0 |a(t)|d tR1

0 |g(t,l)|d lCR1/x2

0 tν/21d t=O(x−ν)(sinceν >0) and Z 1


|a(t)|d t Z π/x


|g(t,l)|d lC Z 1


tαt−jd t Z π/x


lν+βd l=O(x−ν). (6.3) From the first two inequalities it follows thatα > −1, so that sup1/2<l<1|g(t,l)| is integrable on (0, 1). SinceR1

π/xg(t,l)ei x ld l=−R1−π/x

0 g(t,l+π/x)ei x ld land since the upper limit of the inner integrals in (6.3) may be 2π/x instead ofπ/x, we have

2 Z 1


a(t)e−iktd t Z 1


g(t,l)ei x ld l = Z 1


a(t)e−iktd t

Z 1−π/x


[g(t,l)g(t,l+π/x)]ei x ld l +O(x−ν).

By the hypothesis of the lemma we also have

g(t,l)−g(t,l+π/x) = lβA(x,l)

(−i t+l2)j ×x−ν for l> π

x (6.4)

whereAis uniformly bounded. Up to now eikt may be replaced by either of coskt or sinkt. We now evaluate the last double integral with eikt replaced by coskt and sinkt. To this end suppose x2>kin below; the case x2<kis easy to deal with. We make decomposition

From the hypothesis 2α−2j+β = −3 it follows that the inner integral and its derivative are O(1/t)andO(1/t2), respectively. Then an integration by parts shows thatI I is bounded, whileI is dominated by a constant multiple of

This completes the proof of the lemma.

Lemma 6.1 concerns the situation that the inner integral in its formula diverges fort=0. The next lemma deals with the case when it converges.

Lemma 6.2. Let a be as in Lemma 6.1 and v satisfy v(l) =O(lβ+ν)as well as the condition (6.1) as in Lemma 6.1 but with0≤ν ≤1. Suppose that −1< α <0andκ:=β−2j+1≥ 0. Then there exists a constant C0such that

and from (6.4), which is available here also,

These together gives the bound of the lemma forR1/k 0 exam-ine the integralR1

1/kaeiktd tR1

0 g ei x ld l. To this end we integrate by parts w.r.tt. The boundary term is easily disposed of by (6.5) and (6.6) . It suffices to show that each of

I= 1

admits the required bound. The first one is immediate from (6.5) and (6.6) . For the second one we see that its inner integral multiplied by|t|admits the bounds in (6.5) and (6.6), which gives the required bound ofI I.

(B) Letd≥2 andt(d)r be as in REMARK8. Then for|x|>r>0, Ex[exp{−λt(rd)}] = Gλ(|x|,r)

Gλ(r,r) = Kd/21(|x|p

2λ)|x|1d/2 Kd/21(rp

2λ)r1−d/2 (λ >0), (6.7) where Gλ denotes the resolvent kernel for the d-dimensional Bessel process and Kν is the usual modified Bessel function. For d = 3 the Laplace transform is easily inverted to yield the formula (1.12) (see (5.12)), which also follows from the one dimensional result since the three dimensional Bessel process conditioned on its eventually arriving atr is a one-dimensional Brownian motion.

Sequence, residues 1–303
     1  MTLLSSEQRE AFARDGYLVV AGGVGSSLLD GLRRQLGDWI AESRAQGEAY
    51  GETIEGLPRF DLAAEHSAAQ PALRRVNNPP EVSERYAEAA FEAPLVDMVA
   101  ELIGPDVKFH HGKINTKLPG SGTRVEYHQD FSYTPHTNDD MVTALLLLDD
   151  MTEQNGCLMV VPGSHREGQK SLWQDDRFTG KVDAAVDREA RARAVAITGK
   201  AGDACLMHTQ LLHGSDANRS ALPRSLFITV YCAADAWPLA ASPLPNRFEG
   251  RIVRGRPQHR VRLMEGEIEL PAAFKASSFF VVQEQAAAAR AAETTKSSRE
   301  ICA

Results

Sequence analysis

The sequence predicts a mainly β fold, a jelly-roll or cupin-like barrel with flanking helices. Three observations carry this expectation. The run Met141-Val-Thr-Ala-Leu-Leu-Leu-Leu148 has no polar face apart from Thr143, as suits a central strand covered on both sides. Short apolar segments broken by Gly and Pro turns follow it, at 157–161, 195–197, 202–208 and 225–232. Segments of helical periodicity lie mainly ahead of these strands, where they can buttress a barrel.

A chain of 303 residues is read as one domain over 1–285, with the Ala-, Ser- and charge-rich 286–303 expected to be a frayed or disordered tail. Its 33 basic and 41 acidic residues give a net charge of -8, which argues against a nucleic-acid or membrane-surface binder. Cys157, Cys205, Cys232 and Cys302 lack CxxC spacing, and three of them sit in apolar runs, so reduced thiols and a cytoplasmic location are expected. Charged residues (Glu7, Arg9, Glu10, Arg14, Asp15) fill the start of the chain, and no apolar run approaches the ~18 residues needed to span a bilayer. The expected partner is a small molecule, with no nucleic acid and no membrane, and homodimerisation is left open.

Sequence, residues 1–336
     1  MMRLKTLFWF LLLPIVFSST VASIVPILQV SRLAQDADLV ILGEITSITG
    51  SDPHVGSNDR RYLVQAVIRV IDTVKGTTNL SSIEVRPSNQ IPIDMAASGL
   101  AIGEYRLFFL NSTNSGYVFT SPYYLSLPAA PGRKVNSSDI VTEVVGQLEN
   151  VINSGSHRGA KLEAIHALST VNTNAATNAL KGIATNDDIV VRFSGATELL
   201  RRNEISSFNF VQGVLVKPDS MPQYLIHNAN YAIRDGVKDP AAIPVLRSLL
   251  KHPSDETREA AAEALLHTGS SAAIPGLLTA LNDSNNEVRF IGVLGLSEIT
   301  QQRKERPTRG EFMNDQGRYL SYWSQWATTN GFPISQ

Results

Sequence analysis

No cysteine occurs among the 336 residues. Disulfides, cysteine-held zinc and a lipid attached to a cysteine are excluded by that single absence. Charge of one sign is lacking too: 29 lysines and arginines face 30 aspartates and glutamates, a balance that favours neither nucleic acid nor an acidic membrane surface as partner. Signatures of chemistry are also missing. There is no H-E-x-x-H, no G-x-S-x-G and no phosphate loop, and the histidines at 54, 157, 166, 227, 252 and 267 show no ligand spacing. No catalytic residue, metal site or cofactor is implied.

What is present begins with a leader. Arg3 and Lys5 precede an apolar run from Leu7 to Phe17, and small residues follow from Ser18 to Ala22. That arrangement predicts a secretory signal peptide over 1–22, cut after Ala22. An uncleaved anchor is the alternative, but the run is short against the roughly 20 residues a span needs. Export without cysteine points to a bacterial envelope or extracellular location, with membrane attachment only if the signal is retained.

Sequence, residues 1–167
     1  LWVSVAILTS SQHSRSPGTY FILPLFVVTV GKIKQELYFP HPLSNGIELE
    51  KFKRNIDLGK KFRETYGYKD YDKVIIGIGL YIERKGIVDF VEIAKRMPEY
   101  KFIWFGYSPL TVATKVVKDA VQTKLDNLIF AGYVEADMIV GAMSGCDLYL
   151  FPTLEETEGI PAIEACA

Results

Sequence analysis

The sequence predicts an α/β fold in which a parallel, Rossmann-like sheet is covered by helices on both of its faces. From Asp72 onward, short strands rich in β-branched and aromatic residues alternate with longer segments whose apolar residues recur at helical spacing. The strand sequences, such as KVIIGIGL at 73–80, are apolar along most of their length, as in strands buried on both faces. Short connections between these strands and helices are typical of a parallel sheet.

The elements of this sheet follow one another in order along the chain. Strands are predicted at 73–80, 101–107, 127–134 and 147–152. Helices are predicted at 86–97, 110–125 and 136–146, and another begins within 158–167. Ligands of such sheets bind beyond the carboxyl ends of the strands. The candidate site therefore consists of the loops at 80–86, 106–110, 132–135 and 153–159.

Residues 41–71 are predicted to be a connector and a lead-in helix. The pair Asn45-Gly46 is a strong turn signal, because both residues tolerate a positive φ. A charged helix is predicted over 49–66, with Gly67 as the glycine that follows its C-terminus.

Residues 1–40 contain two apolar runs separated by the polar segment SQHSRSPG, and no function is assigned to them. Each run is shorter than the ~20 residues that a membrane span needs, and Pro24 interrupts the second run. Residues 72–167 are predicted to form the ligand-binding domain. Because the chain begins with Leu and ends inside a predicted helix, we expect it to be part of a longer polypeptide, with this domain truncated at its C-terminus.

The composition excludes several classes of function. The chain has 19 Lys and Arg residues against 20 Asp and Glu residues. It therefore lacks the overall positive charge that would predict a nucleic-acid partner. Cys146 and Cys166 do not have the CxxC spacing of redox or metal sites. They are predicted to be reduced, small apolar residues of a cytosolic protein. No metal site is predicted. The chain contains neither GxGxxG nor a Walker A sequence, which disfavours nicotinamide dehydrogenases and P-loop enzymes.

(C) Here we give an asymptotic estimate ofPx[t(r2)

t] =Rt

0qr(s,x)dsfor larget. Put ϕ(α) =



e−αy y lg

1− 1


d y (α >0), and

Ax(t) = 1 lg(ect)

1− γ

lg(ect) Z



u du+ ϕ(x2/2t) [lg(ect)]2

so that D(ecn,x2/2n) =Ax(t). (The function D(t,α) is defined in Theorem 1.6.) The following result belongs to[17], but not explicitly stated there.

Theorem 6.1. Letξ=|x|/p

t. Then, uniformly for|x|>r, as t → ∞ Px[t(r2)

t] =Ax(t) + 1


¨ O(lg12ξ) for x2<t

O((lg 2ξ)22) for x2t. (6.8) Proof.Immediate from Lemma 6 and Eq (26) of[17].

REMARK. (i) It holds thatϕ(α) =O−1e−αlogα) asα→ ∞ andϕ(α) = 16π2+αlgα+O(α)as α↓0.

(ii) On using the identitiesR

1 euu1du+R1

0(eu−1)u1du=−γand 2γ=lg[2/ecr2] Z



u du=−γ−lg(ξ2/2)− Z ξ2/2



u du=γ−lgx2

r2 +lg(ect) +ξ2

2 +O4). With the help of this we deduce that for x2/t≤1,

Ax(t) =1−2 lg(|x|/r) lg(ect)

1− γ





[lg(ect)]2 +ξ2lg|x|+O2) (lg(ect))2 .

(iii) Integrating the formula of Theorem 1 of[17]leads to Px[t(r2)

>t] = 2 lg(|x|/r) lg(ect)

1− γ



6π2γ2 [lg(ect)]2 +· · ·


ξ2lg|x| (lgt)2

(r < |x| < p

t), which can be squared with the expression of 1−Ax(t) obtained from (ii). On equating the error terms O(|lg1

2ξ|/(lgt)3) and O(ξ2lg|x|)/(lgt)2) the latter formula is sharper than the former ift1x2lg|x| →0.

(D) Suppose that the period ν of the walkSn is greater than 1. Let d =2 for simplicity. Then, because of the irreducibility of the walk, there exists a proper subgroup HZ2 andξZ2 such that H + = H if and only if j = 0 (modν) and that P[S0jH+ jξ] =1. Let H be spanned by h1,h2Z2 and determine λ1,λ2R2 by the condition λj·hj = 2πδl j. Then one may write ξ= (α1h1+α2h2)/ν with some integersα1,α2, so thatξ·λl =2παl (l=1, 2) and it holds that for each j∈ {1, . . . ,ν−1}, either 16=0 (modν) or 26=0 (modν). This condition implies that three integersα1,α2,ν have no common devisor except 1, so that there exists two integers k1,k2 such that k1α1+k2α2 =1 (mod ν). Putting λ= k1λ1+k2λ2, we haveξ·λ= 2π/ν (mod 2π), hence x·λ= j2π/ν (mod 2π) if xH+and it follows thatψ(θ+λ) =ψ(θ)ei2π/ν. The rest is the same as in[16].

Acknowledgments. The author wishes to thank the referee for pointing out many errors in the original manuscript as well as for making helpful suggestions to it, the latter having stimulated the author to improve some of the proofs to be more transparent.